20th Century Boys Vol. #10 - Mania.com



Manga Review

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Info:

  • Art Rating: A
  • Packaging Rating: B+
  • Text/Translation Rating: A
  • Age Rating: 17 and Up
  • Released By: Viz Media
  • MSRP: 12.99
  • Pages: 216
  • ISBN: 9781421523453
  • Size: A5
  • Orientation: Right to Left

20th Century Boys Vol. #10

20th Century Boys Vol. #10 Manga Review

By Chris Kirby     September 13, 2010
Release Date: August 17, 2010


20th Century Boys Vol. #10
© Viz Media

Paging Mr. Hitchcock, paging Mr. Hooper; your influence has been shown in a flattering and non-demeaning way!

Creative Staff
Writer/Artist: Naoki Urasawa
Translation: Akemi Wegmuller
Adaptation: Akemi Wegmuller

What They Say
It appears that Kanna's ambitious gamble has paid off as the leaders of the local Thai and Chinese mafias agree to both call a truce and offer to back her up. This doesn't sit too well with Yukiji, though, who is furious that Kanna would risk her life in such a brazen way. But one thing seems certain: when it comes to fighting the Friends, there's no limit to how far Kanna will go.

Meanwhile, Koizumi Kyoko begins following Kanna in an attempt to tell her about everything she learned while at Friend Land. Her behavior, however, does not go unnoticed by the Friends, and a menacing dream navigator suddenly appears to inform Kyoko that she will need to go to Friend World for further reeducation. Luckily for Kyoko, there are no immediate spaces available, but will she have enough time to get help from Kanna and Yoshitsune before her number is called?

The Review!

The cop with the mole is dead, Otcho has appeared before Kanna, the “Holy Mother” will appear soon, and the Chinese and Thai Mafias are on the brink of a truce.  Volume 9 had so much packed into its 11 chapters that it is time for a change of pace.  A pace that needs to tie up some affairs and delve deeper into the mythology of 20th Century Boys, with Volume 10 that is just what we get.
 
The volume starts off by concluding the meeting at Shinjuku church.  After the events at the end of the last volume, the attendees of the meeting decide to make a hasty retreat from the police and the possible danger that still lingers.  However, not one to let business go unfinished, Kanna speaks to the mafia leaders in a final attempt to earn their trust and aid for the coming events.  
 
One thing interesting about Kanna, especially in the last couple of volumes, is the amount of charisma and power of persuasion she possesses.  It almost seems unbelievable, superhuman almost, but because no one, including the readers, really understands why these powers are so strong in her these events add some perplexity to everything.  We understand Kanna’s background, we understand her emotions involving the Friends and the events of Bloody New Year’s Eve, but we don’t understand why both Kanna and the Friend have such a strong power over people and fate.  In a standard comic we might be lead to believe some supernatural force or alien power is involved, but with 20th Century Boys everything is strongly grounded in reality.  Everything that occurs is feasible in our world but fantastical because of how different it is from our own.  I am very curious as to how the reasons behind these powers are explained but slightly fearful that they could be absolutely preposterous and break the suspense this series has been building towards.  I have faith however.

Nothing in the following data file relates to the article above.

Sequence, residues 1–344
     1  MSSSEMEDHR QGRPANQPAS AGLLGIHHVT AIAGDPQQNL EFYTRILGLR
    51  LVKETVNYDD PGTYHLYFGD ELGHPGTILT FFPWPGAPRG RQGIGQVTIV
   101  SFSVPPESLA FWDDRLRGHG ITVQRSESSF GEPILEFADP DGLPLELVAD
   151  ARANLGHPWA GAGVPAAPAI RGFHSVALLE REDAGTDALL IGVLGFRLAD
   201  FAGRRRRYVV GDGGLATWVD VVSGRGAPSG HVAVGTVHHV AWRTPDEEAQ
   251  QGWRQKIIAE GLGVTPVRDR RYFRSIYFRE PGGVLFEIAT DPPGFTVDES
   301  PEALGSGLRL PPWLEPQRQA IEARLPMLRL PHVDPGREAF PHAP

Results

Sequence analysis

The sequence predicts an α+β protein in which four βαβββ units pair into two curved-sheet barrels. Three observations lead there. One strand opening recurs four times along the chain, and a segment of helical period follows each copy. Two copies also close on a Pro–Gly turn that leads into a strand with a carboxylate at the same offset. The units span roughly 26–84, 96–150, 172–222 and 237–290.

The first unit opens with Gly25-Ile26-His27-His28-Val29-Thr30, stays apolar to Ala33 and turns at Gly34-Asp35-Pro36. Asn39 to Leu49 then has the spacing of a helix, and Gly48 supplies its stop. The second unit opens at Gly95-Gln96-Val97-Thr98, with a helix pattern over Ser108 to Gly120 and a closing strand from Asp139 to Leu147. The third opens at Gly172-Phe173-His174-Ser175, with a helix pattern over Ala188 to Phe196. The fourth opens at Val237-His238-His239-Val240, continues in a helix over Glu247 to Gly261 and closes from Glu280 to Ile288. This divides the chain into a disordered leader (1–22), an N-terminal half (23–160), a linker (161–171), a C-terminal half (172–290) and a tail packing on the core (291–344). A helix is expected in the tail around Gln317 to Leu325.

The story then switches focus back to Koizumi who has recovered from her traumatic experience at Friend Land and is trying to readjust to “normal” life.  She is constantly plagued by nightmares from her experience in the bonus stage but can’t remember what she saw and why it was so terrifying.  Then the moment I was personally waiting for occurs, Koizumi meets Kanna.  It isn’t a very good first meeting but very fitting based on their established personalities, this scene adds a bit of humor and frustration on the readers behalf, “Just tell her for crying out loud!!”  Koizumi then spends some time spying on Kanna trying to figure her out and decide on the best way to approach her about the situation.  Things get a feeling of dread added when Dream Navigator Takasu appears literally out of nowhere and informs Koizumi that she has been selected to go to Friend World for being a “very bad girl.”  Thankfully for Koizumi she has to be put on a waiting list, unfortunately for her, that wait is about 48 hours max!
 
The next day a new English Teacher begins work at school and the mere sight of his face sends Koizumi into shock, is he the Friend?, will we finally find out the identity of the enemy??